No matter your industry, experience or size, every entrepreneur and every business has customers to serve. And these people want satisfying customer service experiences. Making and keeping clients happy can be a tall order, especially in industries that are crowded, where we must compete to earn business.
You might think it's impossible to overdeliver in certain industries, but I think if you put your mind to it, it can be done. One of my favorite ways to make my clients happy to give me their business is by delivering more than I promise. I set expectations, and then I exceed them, looking like a rockstar in the process. Happy clients = happy business owner! But how do I get there?
1. Establish the expectations that you plan to exceed.
When I decide I'm going to knock it out of the park, part of the process is making sure my client understands and acknowledges what I'm promising.
Whether you plan to deliver a project by a certain date (and then complete it early) or for a certain price (and then charge less), the trick is to establish the expectations that you plan to exceed. If you're vague about the timing or the price, then you might miss the opportunity to shine.
2. Make your promise reasonable.
You can't tell a customer that you estimate the price of their new car will be $10 million and then deliver it for $20,000. No one's going to believe it. Your promise should be within the range of reason.
Typically, when I'm planning to come in under budget, I work up my price, add about 10 percent on top and give that figure to my client. Then when I finish the project or deliver the product, I knock off the 10 percent, and the client feels like they've gotten a deal.
Bonus: If my expenses are higher than expected and I end up 10 percent over budget, then my customer isn't unpleasantly surprised.
3. Use over-delivery as a customer service tool every once in awhile.
If you always over-deliver with every single transaction, then your performance becomes expected. If you always tell customers their job will take one week, and you always deliver it in three days, then your customers may expect three-day turnaround. One week may start to feel outrageously long to them, and they may become disappointed with your performance.
I've found it's better to over-deliver intermittently so my customers don't expect it. Remember, you're going for the wow factor when you over-deliver. If you do it every day, the wow factor fades.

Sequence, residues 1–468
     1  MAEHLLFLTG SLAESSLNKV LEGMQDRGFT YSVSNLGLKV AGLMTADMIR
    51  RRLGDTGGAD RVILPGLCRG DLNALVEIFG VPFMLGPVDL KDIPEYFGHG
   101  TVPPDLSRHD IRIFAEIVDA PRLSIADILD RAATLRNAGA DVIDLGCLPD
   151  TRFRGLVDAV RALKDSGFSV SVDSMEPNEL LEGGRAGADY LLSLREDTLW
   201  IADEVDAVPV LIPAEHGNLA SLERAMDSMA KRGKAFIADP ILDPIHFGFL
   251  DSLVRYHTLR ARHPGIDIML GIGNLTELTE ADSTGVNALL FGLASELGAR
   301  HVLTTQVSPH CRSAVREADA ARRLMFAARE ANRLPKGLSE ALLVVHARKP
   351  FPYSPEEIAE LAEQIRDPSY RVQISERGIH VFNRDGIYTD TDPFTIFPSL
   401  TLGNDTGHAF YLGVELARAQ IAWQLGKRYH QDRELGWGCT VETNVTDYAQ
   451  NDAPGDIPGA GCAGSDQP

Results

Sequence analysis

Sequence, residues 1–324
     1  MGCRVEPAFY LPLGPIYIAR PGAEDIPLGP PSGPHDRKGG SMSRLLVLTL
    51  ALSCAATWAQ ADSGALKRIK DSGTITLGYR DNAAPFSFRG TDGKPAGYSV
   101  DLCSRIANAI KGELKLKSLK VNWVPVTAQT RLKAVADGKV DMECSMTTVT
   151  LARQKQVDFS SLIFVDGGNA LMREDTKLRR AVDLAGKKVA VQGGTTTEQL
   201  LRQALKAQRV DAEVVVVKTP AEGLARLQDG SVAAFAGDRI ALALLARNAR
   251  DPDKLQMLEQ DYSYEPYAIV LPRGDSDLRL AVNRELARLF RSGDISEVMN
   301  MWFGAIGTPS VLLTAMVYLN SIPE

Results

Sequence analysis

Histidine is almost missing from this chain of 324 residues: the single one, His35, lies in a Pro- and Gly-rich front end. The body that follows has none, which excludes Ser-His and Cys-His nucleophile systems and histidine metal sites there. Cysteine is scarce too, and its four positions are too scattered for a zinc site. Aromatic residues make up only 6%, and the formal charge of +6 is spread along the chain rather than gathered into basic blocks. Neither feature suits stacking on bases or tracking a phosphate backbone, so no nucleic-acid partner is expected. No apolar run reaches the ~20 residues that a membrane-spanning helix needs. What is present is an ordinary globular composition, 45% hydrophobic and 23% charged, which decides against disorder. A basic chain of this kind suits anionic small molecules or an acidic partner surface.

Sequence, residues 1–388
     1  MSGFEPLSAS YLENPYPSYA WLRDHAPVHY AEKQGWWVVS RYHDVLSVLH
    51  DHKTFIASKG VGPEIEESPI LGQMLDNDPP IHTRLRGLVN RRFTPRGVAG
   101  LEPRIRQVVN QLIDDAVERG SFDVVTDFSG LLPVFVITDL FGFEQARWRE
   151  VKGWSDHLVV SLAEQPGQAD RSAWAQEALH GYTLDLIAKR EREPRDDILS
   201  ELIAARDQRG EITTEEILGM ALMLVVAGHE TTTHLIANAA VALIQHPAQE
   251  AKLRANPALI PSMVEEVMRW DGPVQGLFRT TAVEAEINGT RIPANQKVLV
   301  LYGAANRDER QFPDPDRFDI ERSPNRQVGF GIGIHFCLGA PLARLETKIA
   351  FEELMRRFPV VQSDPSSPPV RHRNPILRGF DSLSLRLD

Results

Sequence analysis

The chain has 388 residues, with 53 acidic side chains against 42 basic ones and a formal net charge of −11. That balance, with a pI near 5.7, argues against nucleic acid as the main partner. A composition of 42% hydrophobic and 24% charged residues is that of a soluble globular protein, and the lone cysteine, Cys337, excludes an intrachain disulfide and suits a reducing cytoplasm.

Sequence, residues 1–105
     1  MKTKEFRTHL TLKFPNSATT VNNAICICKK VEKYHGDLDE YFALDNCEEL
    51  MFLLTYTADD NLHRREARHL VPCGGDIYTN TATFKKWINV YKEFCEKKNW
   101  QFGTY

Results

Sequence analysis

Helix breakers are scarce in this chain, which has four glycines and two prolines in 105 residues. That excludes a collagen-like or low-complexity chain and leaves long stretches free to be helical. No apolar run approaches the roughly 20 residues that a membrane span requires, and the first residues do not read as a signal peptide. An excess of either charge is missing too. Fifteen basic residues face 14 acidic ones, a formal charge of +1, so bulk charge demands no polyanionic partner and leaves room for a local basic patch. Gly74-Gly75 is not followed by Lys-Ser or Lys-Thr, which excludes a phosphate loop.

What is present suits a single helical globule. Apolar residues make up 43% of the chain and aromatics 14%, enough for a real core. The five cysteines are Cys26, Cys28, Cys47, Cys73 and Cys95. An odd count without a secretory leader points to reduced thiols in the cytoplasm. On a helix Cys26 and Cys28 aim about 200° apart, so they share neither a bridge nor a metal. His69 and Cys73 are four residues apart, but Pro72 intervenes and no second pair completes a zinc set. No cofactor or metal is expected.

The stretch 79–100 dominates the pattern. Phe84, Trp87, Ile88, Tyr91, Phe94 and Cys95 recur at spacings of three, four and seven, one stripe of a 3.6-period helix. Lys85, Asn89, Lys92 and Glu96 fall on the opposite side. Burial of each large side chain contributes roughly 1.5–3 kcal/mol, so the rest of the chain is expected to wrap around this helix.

4. Make your customers feel special.
If you're going the extra mile for a client, you want them to appreciate it, to realize the effort you're putting in for them.
I always mention that my decision to go above and beyond is my way of showing appreciation for their business. People love pleasant surprises, and they can start to associate that feeling with your company. Warm fuzzies may sound like grade school stuff, but providing them can help you earn lifelong clients.
5. Over-deliver to your customers when it counts most.
Just like the restaurant owner who sends over a special dessert on the house for an anniversary celebration, finding ways to exceed expectations when it matters most to your clients can impress them.
I try to assess my customers' moods and needs. For example, when I encounter a client who's having a bad day, I go out of my way to brighten their spirits. Taking a little extra time and care to cater to a customer's unique needs can help cement your reputation as the person who'll go above and beyond to provide outstanding customer service.
6. Make offering this type of customer service a personal challenge.
One of my favorite strategies is to use over-delivery as an opportunity to stretch my abilities. I set personal goals and build them into my efforts to wow clients.
Say I want to come in under budget. Maybe I won't add 10 percent to my price, knowing I'm going to discount when I deliver. Maybe I challenge myself to find ways to cut my costs to be able to afford the 10 percent discount anyway. Or maybe I commit to delivering work quicker, finding ways to be more efficient and productive. When you experiment with ways to deliver better customer service, you may find ways to improve your company. It can help you push yourself to be a little bit better each day.
One of my favorite consequences of under-promising and over-delivering is the sheer delight my clients experience. I think people are so used to being disappointed. The sandwich never looks as good in person as it does in the advertisement. The package you're waiting for arrives after your kid's birthday. When we find something that goes better than expected, we're typically relieved and excited, and we may become loyal to the people who made it happen. I love putting that principle to work in my businesses.
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